110 Ton Truck 3 x 3 Spring Group Embodiments
NSC-D5-45deg S-2-HD Swing Motion
6½″ * 12″ Axle 6½″ * 12″ Axle 6½″ * 12″ Axle
36″ Wheels 36″ Wheels 36″ Wheels
70″ Wheel Base 70″ Wheel Base 72″ Wheel Base
10000 lb 11000 lb 10500 lb
5 * D5 Outer 6 * D5 Outer 6 * D7 Outer
5 * P6 Inner 7 * D6 Inner 6 * D7 Inner
3 * D6A Inner-Inner 4 * D6A Inner-Inner 6 * D6A Inner-Inner
4 * B353 Outer Stabilizer 2 * B353 Outer Stabilizer 2 * 49427-1 Outer Stabilizer
2 * B354 Inner Stabilizer 2 * 49427-2 Inner Stabilizer
25,009 lb/in 28,945 lb/in 25,197 lb/in
5 * 2241.6 (10¼ = 10.2500) 6 * 2241.6 (10¼ = 10.2500) 6 * 2033.6 (10 13/16 = 10.8125)
5 * 1395.2 (9 15/16 = 9.9375) 7 * 1395.2 (9 15/16 = 9.9375) 6 * 980.8 (10¼ = 10.7500)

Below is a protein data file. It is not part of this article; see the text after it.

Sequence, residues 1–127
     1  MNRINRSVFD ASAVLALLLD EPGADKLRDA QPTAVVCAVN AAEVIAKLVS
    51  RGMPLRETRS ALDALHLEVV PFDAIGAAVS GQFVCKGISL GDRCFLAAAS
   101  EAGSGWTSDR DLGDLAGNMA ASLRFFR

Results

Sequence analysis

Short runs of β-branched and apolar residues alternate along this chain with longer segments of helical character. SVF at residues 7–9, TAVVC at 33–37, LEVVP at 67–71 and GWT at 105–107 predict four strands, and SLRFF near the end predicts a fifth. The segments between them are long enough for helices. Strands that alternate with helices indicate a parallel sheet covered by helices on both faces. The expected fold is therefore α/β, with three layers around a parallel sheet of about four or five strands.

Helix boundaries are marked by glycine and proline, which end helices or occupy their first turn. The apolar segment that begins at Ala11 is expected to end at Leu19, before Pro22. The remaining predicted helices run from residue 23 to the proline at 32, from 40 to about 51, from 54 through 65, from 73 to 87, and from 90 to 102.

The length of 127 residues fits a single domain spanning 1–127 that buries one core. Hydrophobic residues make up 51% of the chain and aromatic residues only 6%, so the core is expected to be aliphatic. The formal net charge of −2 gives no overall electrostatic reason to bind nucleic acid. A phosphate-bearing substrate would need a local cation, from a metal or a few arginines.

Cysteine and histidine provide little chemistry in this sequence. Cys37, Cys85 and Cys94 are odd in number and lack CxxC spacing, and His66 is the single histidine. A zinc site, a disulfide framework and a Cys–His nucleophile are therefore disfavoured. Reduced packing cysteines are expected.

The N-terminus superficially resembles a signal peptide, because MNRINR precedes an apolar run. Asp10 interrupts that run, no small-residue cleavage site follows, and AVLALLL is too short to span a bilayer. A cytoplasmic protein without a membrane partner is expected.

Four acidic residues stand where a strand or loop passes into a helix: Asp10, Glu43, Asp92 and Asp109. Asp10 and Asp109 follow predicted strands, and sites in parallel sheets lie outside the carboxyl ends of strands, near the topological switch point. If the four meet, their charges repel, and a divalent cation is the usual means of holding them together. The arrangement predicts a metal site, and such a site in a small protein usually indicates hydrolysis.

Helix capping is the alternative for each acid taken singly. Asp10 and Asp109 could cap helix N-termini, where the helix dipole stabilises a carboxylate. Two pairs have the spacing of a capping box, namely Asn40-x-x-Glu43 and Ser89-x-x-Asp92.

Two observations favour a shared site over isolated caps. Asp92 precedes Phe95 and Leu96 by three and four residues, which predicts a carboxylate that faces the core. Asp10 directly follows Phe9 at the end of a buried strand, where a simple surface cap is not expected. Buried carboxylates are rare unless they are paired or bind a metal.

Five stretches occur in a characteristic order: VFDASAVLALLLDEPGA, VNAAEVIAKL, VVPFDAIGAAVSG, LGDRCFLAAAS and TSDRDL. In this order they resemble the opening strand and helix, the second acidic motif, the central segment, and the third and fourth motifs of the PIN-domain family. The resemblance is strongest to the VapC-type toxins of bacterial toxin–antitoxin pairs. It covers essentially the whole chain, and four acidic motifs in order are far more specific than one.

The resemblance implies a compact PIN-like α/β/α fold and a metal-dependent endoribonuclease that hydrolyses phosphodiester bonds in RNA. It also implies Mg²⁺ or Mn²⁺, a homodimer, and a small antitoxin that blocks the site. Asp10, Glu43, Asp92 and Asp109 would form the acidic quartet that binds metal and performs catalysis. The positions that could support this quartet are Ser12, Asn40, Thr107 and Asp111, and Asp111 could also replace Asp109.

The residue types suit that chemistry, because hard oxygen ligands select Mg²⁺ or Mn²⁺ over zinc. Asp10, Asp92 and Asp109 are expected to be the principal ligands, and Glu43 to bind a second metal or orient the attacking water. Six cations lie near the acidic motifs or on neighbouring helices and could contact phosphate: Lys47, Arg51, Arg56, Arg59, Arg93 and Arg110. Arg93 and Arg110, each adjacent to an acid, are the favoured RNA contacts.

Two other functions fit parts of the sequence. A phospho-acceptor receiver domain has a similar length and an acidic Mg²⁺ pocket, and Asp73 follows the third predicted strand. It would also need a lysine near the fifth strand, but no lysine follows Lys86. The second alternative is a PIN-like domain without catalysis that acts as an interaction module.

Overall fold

5 * 463.7 (9 = 9.0000) 4 * 463.7 (9 = 9.0000) 6* 463.7 (9 = 9.0000)
4 * 1358.4 (11 3/16 = 11.1875) 2 * 1358.4 (11 3/16 = 11.1875) 2 * 1359.0 (11 5/16 = 11.3125)
2 * 577.6 (11½ = 11.5000) 2 * 805.0 (10 13/16 = 10.8125)
45.0° 32.0° 45.0°
0.15 0.15 0.15
0.38 0.38 0.38
Variable Variable Variable
19,575.1 25,670.8 20,868.6
4*1358.4 #/wedge 2*1936 #/wedge 2*2164 #/wedge
25,009 lb/in 28,943 lb/in 25,197 lb/in
21.73 13.378 17.177
0.40 (Down) & 0.35 (Up) 0.85 (Down) & 0.45 (Up) 0.40 (Down) & 0.35 (Up)
8.69 (Down) & 7.60 (Up) 11.37 (Down) & 6.02 (Up) 6.87 (Down) & 6.01 (Up)
New NSC Trucks specifications (110-TON)
NSC-D7-36deg NSC-D7-45deg
6½″ * 12″ Axle 6½″ * 12″ Axle
36″ Wheels 36″ Wheels
70″ Wheel Base 70″ Wheel Base
Weight 10000 lb 10000 lb
5 * D7 Outer 5 * D7 Outer
5 * D6 Inner 5 * D6 Inner
5 * D6A Inner-Inner S * D6A Inner-Inner
4 * B353 Outer Stabilizer 4 * B353 Outer Stabilizer
Spring Arrangement